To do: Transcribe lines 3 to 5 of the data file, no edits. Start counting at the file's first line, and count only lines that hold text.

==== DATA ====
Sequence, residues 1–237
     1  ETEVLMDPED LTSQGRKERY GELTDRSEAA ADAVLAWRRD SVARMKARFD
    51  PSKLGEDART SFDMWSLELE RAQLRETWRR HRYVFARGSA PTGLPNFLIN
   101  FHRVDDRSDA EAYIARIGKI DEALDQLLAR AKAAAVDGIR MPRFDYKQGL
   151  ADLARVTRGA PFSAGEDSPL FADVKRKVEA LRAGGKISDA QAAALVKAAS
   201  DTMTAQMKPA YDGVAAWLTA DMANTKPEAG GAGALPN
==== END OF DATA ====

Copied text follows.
    51  PSKLGEDART SFDMWSLELE RAQLRETWRR HRYVFARGSA PTGLPNFLIN
   101  FHRVDDRSDA EAYIARIGKI DEALDQLLAR AKAAAVDGIR MPRFDYKQGL
   151  ADLARVTRGA PFSAGEDSPL FADVKRKVEA LRAGGKISDA QAAALVKAAS